India’s first homemade mRNA vaccine gets permission by the DGCI for human trial  

The vaccine has been codenamed as HGCO19 as is stable at 2-8 degrees Celsius for two months.

India’s first homemade mRNA vaccines have received approval to start human trial on Friday, December 11th, 2020. The mRNA vaccine which is developed by the Pune-based Gennova gets DGCI’s nod to initiate Phase I/II human clinical trial. The mRNA vaccine has been code named as HGCO19.

“HGCO19 has already demonstrated safety, immunogenicity, neutralization antibody activity in animals. The neutralizing antibody response of the vaccine in mice and non-human primates was comparable with the sera from the convalescent patients of COVID-19,” a government statement read.

The development in Pune was supported with seed grant under the Ind-CEPI mission of the Department of Biotechnology of M/O Science and Technology. The HGCO19 does not use the conventional model to immune response. The vaccine, instead, carries the mRNA vaccine carries the molecular instructions to make the protein in the body through a synthetic RNA of the virus.

“The mRNA vaccines do not use the conventional model to produce an immune response. Instead, mRNA vaccine carries the molecular instructions to make the protein in the body through a synthetic RNA of the virus,” the statement read further.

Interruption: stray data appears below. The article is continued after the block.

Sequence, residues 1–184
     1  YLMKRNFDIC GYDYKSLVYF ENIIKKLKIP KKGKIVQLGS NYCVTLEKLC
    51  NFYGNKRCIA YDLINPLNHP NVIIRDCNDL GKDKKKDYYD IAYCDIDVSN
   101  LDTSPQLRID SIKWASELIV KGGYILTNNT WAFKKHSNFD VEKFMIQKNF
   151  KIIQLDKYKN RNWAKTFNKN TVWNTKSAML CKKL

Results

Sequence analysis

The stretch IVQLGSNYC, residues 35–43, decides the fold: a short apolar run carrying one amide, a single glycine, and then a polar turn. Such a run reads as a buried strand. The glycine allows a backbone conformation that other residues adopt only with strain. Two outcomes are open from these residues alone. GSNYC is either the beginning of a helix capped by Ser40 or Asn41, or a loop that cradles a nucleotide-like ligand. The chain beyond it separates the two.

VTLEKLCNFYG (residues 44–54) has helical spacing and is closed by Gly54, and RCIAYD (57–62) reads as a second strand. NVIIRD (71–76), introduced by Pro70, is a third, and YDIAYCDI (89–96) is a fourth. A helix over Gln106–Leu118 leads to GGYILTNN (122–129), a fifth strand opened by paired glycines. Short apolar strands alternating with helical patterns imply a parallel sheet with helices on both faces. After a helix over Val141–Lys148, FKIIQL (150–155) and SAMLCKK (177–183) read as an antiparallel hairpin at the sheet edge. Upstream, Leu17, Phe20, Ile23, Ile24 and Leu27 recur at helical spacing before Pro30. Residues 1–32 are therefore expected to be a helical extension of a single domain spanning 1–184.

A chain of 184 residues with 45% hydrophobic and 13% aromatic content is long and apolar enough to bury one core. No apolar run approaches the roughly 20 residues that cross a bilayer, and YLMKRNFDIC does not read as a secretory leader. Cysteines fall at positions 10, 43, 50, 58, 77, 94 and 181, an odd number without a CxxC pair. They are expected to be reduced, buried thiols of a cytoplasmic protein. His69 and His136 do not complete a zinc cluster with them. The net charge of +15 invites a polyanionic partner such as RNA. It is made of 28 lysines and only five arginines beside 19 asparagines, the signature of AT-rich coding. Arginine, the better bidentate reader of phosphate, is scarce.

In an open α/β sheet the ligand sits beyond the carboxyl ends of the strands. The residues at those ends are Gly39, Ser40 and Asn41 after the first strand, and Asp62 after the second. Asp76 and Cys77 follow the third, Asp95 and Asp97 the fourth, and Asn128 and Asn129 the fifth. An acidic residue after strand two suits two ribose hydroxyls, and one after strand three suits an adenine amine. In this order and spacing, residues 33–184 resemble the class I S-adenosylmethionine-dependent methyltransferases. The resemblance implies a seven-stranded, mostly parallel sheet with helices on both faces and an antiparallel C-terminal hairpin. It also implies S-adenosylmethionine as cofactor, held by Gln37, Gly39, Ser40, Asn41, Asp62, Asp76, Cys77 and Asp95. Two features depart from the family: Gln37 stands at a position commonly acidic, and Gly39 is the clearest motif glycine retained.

It is being said that the mRNA vaccine could be ideal for the Indian weather. Along with that, it is also being considered that the homemade vaccine is safe as it is non-infectious, non-integrating in nature. It gets degraded by the standard cellular mechanism. It is being expected that it would be highly efficacious because of their inherent capability of being translatable into the protein structure inside the cell cytoplasm.

“HGCO19 remains stable at 2-8 degrees Celsius for two months,” the government said in the statement. Since the mRNA vaccines are fully synthetic and do not require a host for growth like eggs or bacteria, it can be easily manufactured. The price of the vaccine to come inexpensive under cGMP conditions that would ensure its “availability” and “accessibility” for mass vaccination on a sustainable basis.

Establishment of such indigenous technology platform will not only empower India to handle the COVID-19 pandemic but also ensure the preparedness for future outbreaks’ said Dr Renu Swarup, Secretary, Department of Biotechnology and Chairperson BIRAC.

The vaccine-like Pfizer and Moderna that claims over 90 per cent efficacy, uses the mRNA model.

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